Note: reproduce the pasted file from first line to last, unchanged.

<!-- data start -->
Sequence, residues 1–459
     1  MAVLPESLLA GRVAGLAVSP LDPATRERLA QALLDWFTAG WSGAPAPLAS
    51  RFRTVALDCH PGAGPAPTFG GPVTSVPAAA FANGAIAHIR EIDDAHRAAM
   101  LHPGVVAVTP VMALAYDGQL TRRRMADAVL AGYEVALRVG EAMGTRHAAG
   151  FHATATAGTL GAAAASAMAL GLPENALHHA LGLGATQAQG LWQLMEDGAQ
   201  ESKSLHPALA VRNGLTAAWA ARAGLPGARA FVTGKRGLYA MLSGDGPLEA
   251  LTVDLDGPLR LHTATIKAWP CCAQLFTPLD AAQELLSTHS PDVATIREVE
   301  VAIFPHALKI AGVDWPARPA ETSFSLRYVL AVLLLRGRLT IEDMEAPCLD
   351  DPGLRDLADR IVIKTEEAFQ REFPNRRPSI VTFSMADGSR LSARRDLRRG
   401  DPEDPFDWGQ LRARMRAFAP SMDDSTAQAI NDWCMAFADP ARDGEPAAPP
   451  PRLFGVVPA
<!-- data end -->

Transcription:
Sequence, residues 1–459
     1  MAVLPESLLA GRVAGLAVSP LDPATRERLA QALLDWFTAG WSGAPAPLAS
    51  RFRTVALDCH PGAGPAPTFG GPVTSVPAAA FANGAIAHIR EIDDAHRAAM
   101  LHPGVVAVTP VMALAYDGQL TRRRMADAVL AGYEVALRVG EAMGTRHAAG
   151  FHATATAGTL GAAAASAMAL GLPENALHHA LGLGATQAQG LWQLMEDGAQ
   201  ESKSLHPALA VRNGLTAAWA ARAGLPGARA FVTGKRGLYA MLSGDGPLEA
   251  LTVDLDGPLR LHTATIKAWP CCAQLFTPLD AAQELLSTHS PDVATIREVE
   301  VAIFPHALKI AGVDWPARPA ETSFSLRYVL AVLLLRGRLT IEDMEAPCLD
   351  DPGLRDLADR IVIKTEEAFQ REFPNRRPSI VTFSMADGSR LSARRDLRRG
   401  DPEDPFDWGQ LRARMRAFAP SMDDSTAQAI NDWCMAFADP ARDGEPAAPP
   451  PRLFGVVPA